A few weeks ago one of the most popular mass market clothing retailers became one of the most hated.
First there was the scathing report on Abercrombie and Fitch's decision not to make their all-American clothing in larger sizes. Then there was the astonishing excerpt from a 2006 interview with CEO Mike Jeffries which resurfaced, sparking renewed outrage. "We want to market to cool, good-looking people," Jeffries told Salon. “In every school there are the cool and popular kids, and then there are the not-so-cool kids. Candidly, we go after the cool kids. We go after the attractive all-American kid with a great attitude and a lot of friends. A lot of people don’t belong [in our clothes], and they can’t belong. Are we exclusionary? Absolutely."
Cue backlash, led by 18-year-old powerhouse Benjamin O’Keefe. "Stop telling teens they aren’t beautiful and start making clothes for people of all shapes and sizes," wrote the teenager in a petition posted to Change.org. His message was supported by over 68,000 signatures. A viral video campaign and a plus-size photo shoot in protest of the company's exclusionary policies followed suit.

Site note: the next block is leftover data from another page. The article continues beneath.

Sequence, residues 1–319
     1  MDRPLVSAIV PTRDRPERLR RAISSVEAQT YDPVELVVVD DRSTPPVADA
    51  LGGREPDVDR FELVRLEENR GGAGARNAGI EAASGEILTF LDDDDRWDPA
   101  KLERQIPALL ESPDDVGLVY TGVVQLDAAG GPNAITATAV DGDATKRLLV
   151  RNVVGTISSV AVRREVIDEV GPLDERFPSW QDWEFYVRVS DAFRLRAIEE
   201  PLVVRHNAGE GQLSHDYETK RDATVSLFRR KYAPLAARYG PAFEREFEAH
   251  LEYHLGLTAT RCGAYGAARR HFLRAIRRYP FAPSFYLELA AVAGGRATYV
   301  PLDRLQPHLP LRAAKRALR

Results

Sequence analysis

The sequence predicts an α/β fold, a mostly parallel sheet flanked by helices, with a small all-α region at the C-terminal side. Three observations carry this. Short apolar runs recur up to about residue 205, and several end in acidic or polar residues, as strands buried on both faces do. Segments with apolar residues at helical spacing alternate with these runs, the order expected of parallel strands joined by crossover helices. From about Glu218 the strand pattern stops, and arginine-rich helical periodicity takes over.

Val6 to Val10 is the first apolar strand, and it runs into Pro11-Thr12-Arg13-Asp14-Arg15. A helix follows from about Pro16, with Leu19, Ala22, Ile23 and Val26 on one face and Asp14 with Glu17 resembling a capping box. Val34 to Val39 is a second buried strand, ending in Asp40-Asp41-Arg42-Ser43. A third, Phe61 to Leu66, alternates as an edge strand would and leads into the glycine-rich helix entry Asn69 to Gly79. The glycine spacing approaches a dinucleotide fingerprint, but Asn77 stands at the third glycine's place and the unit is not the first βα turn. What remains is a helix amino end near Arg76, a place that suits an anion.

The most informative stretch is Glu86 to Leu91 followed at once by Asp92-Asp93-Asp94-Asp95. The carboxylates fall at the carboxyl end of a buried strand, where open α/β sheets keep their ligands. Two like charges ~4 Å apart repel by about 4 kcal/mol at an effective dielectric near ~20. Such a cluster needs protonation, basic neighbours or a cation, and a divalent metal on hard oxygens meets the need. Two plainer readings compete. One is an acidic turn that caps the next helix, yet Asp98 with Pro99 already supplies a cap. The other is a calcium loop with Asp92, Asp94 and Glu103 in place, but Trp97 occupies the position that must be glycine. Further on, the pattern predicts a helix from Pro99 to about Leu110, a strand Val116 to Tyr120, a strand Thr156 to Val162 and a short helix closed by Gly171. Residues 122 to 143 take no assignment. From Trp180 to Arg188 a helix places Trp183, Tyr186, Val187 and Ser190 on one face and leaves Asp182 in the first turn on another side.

Suddenly, the popular kids weren't A&F customers but protesters, so the brand finally got the memo. On Wednesday, after meeting with O'Keefe, his fellow campaigners, and representatives from the National Eating Disorder Association in person, A&F released the following statement: "We look forward to continuing this dialogue and taking concrete steps to demonstrate our commitment to anti-bullying in addition to our ongoing support of diversity and inclusion." They also gave a red-faced apology for their CEO's big mouth. “We want to reiterate that we sincerely regret and apologize for any offense caused by comments we have made in the past which are contrary to these values."
It was a big win for the little guys, but there's still some unfinished business. O'Keefe wants to see Abercrombie shirts in XXL. "I'm happy to hear that Abercrombie took my passion and your voices to heart in this meeting and plans to take concrete steps to show their support for diversity and inclusion," he said in a statement. “I will continue these conversations with their executive staff to share our concerns with them to make sure that consumers see those changes implemented in their local Abercrombie store."
Meanwhile, Abercrombie has more amends to make in the near future. A federal judge is weighing an injunction after recently ruling that several Abercrombie & Fitch stores aren't equipped with proper wheelchair access for the disabled community.